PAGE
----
“Iran is the center of terrorism, fundamentalism and subversion and is in my view more dangerous than Nazism, because Hitler did not possess a nuclear bomb, whereas the Iranians are trying to perfect a nuclear option.”
Benjamin Netanyahu 2009? Try again. These words were in fact uttered by another Israeli prime minister (and now Israeli president), Shimon Peres, in 1996. Four years earlier, in 1992, he’d predicted that Iran would have a nuclear bomb by 1999.
You can’t accuse the Israelis of not crying wolf. Ehud Barak, now defense minister, said in 1996 that Iran would be producing nuclear weapons by 2004.
Now here comes Netanyahu, in an interview with his faithful stenographer Jeffrey Goldberg of The Atlantic, spinning the latest iteration of Israel’s attempt to frame Iran as some Nazi-like incarnation of evil… [continued…]
Editor’s Comment — In the interest of precision it’s worth pointing out that Netanyahu doesn’t merely liken Iran’s leaders to the Nazis — he says the Iranians are more dangerous. What happened in Germany was horrific but what the Iranians might do is even worse.
In the likes-to-be-called “progressive” Huffington Post, Mort Zuckerman offers some more scare-mongering on steroids:
Fundamentally, a nuclear Iran represents a unique threat. The fear of mutually assured destruction has long restrained other nuclear powers. There is a real risk that Iran is not rational, that driven by its mad hatreds it will act in ways that are irrational, even self-destructive. Anti-Americanism is a cornerstone of the ideology of this Islamic State. The virulence of Iran’s hostility is impervious to reason. “Death to America!” has provoked the Iranian street for over a quarter of a century and is the venom upon which an entire generation of Iranians has been raised.
Thank goodness the cool rational voices of Zuckerman and Netanyahu are speaking out to alert us to the diabolical threat. And let’s add another dispassionate voice: The Manhattan district attorney, Robert M. Morgenthau, announced on Tuesday that his office is making every effort to prosecute “perhaps the largest supplier of weapons of mass destruction to the Iranian government.”
Everyone’s been warning about the risk of Iran producing its own nuclear weapons and now we learn from the Manhattan DA that Iran has WMD suppliers — several of them — perhaps. This is terribly alarming — perhaps.
The Obama administration said Wednesday that the United States would start participating regularly with other major powers in negotiations with Iran over its nuclear program.
The decision was a further step toward the direct engagement with Iran that President Obama has promised. It followed an invitation to Iran to join in a new round of talks, which would include Britain, France, Germany, Russia and China. And it coincided with an unusual expression of conciliation toward the United States by President Mahmoud Ahmadinejad of Iran.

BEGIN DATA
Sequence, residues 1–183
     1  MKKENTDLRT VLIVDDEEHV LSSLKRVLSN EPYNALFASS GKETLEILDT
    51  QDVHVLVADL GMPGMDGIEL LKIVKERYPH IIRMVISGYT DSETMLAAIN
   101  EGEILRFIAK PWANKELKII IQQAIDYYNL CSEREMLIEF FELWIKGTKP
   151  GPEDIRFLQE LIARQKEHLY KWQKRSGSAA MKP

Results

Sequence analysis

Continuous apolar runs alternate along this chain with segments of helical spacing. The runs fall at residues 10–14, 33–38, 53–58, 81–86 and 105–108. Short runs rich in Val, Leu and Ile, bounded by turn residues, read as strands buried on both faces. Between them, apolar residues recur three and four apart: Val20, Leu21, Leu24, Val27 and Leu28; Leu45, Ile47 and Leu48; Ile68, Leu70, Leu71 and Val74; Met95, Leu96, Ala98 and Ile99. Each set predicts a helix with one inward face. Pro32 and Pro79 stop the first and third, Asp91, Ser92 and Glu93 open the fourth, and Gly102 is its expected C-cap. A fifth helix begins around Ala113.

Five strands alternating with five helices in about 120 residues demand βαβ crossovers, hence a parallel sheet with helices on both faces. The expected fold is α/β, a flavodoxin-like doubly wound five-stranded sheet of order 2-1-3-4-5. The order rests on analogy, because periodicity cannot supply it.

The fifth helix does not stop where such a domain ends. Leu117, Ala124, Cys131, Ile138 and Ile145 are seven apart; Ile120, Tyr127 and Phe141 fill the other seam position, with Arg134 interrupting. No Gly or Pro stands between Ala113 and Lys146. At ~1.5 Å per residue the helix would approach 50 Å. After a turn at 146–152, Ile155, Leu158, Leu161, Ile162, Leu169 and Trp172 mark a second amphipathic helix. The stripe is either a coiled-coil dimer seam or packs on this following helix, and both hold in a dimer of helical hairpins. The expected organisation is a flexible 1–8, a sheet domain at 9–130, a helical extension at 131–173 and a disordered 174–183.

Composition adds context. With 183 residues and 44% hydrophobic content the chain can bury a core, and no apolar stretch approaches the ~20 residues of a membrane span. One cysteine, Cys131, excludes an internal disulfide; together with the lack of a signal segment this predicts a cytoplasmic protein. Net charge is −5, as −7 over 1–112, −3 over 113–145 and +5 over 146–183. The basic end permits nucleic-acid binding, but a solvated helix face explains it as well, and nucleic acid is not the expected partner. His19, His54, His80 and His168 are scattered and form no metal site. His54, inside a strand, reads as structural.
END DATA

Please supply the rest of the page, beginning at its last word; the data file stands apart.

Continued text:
Mr. Ahmadinejad said Wednesday in a speech that his government would welcome talks with the Obama administration, provided that the shift in American policy was “honest.” [continued…]
Vice President Joe Biden issued a high-level admonishment to Israel’s new government Tuesday that it would be “ill advised” to launch a military strike against Iran.
Biden said in a CNN interview that he does not believe newly installed Israeli Prime Minister Benjamin Netanyahu would take such a step. Even so, his comment underscored a gap between the conservative new Israeli government and the Obama White House on a series of questions, including the Israeli-Palestinian peace process and Iran. [continued…]
Foreign Minister Avigdor Lieberman said on Tuesday that Western-backed peace efforts with the Palestinians had reached a “dead end” and that Israel intended to present new ideas for diplomacy, prompting a response from the State Department re-emphasizing the American goal of establishing two states.
“There is definitely a regression here and we must understand and admit that we are at a dead end,” Lieberman told members of Yisrael Beiteinu during a party meeting. “We definitely intend to present new ideas.”
The Yisrael Beiteinu chairman also said that he planned to remain foreign minister for at least “four and a half years,” and vowed that his faction would stay a central component of the current government coalition until the next round of elections.
The State Department did not react directly to Lieberman’s statements, preferring instead to reiterate Washington’s commitment to a two-state solution. [continued…]
By forcefully rebutting Mr. Lieberman’s repudiation of Annapolis, and in such a public fashion, Mr. Obama is issuing a warning to Mr. Netanyahu that the United States will push for a two-state solution, and will expect him to publicly articulate his own support for such an initiative, many experts said.
“At a minimum, Bibi will need to disown these statements and come out explicitly in support of the two-state solution before his meeting with President Obama,” said Ghaith Al-Omari, a former Palestinian negotiator who now works with the American Task Force on Palestine. “If not,” Mr. Al-Omari said, “the issue will become the focus of the meeting.” [continued…]